This is an appropriate place to take a detour on our tour de scripting and have a look at file matching and wildcard matching. It may be something that you're familiar with, but let's have a look at it and come back to ls in a moment.


Wildcard matching allows us to match a number of files using a combination of characters. What are those characters?

Table 1.1. Wildcards

Symbol Name Purpose
* Splat matches 0 or more of any character
? question mark matches 0 or 1 character
[ ] square brackets matches one from a range of characters
! bang invert the pattern
Wildcard characters with the asterisk (*)

So if we typed

ls *

we end up listing 0 or more of any characters. So it would match any filename of any length because any filename would have a minimum of a single character. The splat matches 0 or more characters following each other.

the question mark ( ? ) wildcard character

The question mark will match a single instance of any character. Later, when we study regular expressions, the full stop ( . ) matches any single character. Given the expression:

ls -la ab?a

this would match the files:

The square brackets ( [] )

What range of characters do [] include? Well we may say something like:


which would match any (single character) within the following range: a or b or c but it does not match abc since this is 3 characters long. Similarly


would match acde or bcde but it would not match abcde. Square brackets indicate a range of alternative characters. How would we match both:




Simple, with:


as [0-9] implies that any character in the range 0 to 9 will match.

Would it also match ham9?

No, for the reason that our pattern search is expecting 2 numeric characters after the pattern ham. (two sets of square brackets are displayed)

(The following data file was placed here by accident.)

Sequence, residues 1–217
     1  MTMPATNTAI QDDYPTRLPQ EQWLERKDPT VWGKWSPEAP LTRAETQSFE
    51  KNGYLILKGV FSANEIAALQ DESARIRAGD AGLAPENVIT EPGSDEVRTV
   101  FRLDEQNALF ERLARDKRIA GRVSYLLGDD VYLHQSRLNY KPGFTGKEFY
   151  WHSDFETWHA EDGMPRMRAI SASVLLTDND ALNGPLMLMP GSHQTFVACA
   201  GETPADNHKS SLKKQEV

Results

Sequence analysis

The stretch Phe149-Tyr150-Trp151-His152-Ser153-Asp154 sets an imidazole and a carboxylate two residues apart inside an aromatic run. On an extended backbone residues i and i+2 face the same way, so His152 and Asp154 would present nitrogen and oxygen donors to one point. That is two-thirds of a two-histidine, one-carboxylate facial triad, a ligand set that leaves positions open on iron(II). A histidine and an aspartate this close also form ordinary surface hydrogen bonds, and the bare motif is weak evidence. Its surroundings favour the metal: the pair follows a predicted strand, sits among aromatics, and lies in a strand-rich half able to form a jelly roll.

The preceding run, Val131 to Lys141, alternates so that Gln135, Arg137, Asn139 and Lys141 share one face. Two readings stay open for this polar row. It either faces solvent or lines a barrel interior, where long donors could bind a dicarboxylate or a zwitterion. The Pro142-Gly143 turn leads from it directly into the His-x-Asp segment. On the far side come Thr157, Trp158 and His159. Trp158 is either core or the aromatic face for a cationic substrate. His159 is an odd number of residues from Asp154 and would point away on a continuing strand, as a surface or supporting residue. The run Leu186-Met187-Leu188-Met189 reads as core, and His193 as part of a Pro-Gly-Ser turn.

We could also combine letters and numbers, for example:

ls [abc123] 

which would match the files:


(Yes Linux and UNIX can have files with all of the above names!)

Notice when we used the square brackets [0-9], we use the range specifier, which was the dash character in the middle. This dash has nothing to do with the minus sign and means match anything in that range from 0 through to 9.

Thus, typing:


matches any character in the range from a to z.

the bang ( ! )

The final pattern matching wildcard is the bang command. The exclamation mark is the inverse of what you're trying to match. If we were to look at our pattern matching, we could say:-

ls [!a-c]*

which, would match everything NOT starting with an "a" or a "b" or a "c", followed by anything else.

So would it match abc ?

No, because it starts with an a.

Would it match bcde?

No, because it starts with a b.

Finally would it match erst?

Yes, because q is not in the range a to c. So it would match q followed by any set of zero or more characters.

Let's do some more examples using the pattern matching wildcards.

Prior to doing the following command ensure that you create a new temporary directory, and change directory to this new directory [ by doing so, it will be easier to clean up after the exercise is over. ]

I'd like you run the following command (I'm not going to explain it now, it will be covered later).

touch {planes,trains,boats,bikes}_{10,1,101,1001}.{bak,bat,zip,tar}

This command creates a number of files for us in one go. Typing:

ls p* 

will show us all files that start with a 'p', followed by 0 or more characters (planes_ in our case). Similarly

ls b* 

will show us the files boats_ and bikes_ since only these files begin with a 'b'. If we typed:

ls bik*

it will produce all the bikes files, while

ls b*_??.* 

will indicate all the files that start with a 'b', followed by 0 or more characters, followed by an underscore followed by exactly 2 characters, followed by a full stop, followed by 0 or more characters. Thus only


I've given you some additional examples that you can try out in your own time. It would be worth your time running through these examples and ensuring that you understand everything.


Run the following command in a new subdirectory

touch {fred,mary,joe,frank,penny}_{williams,wells,ferreira,gammon}.{1,2,3,4,5}

Look at the following tu understand the different fields

touch {fred,mary,joe,frank,penny}_{williams,wells,ferreira,gammon}.{1,2,3,4,5}
  ------Name----------    ----------Surname-------    -Category-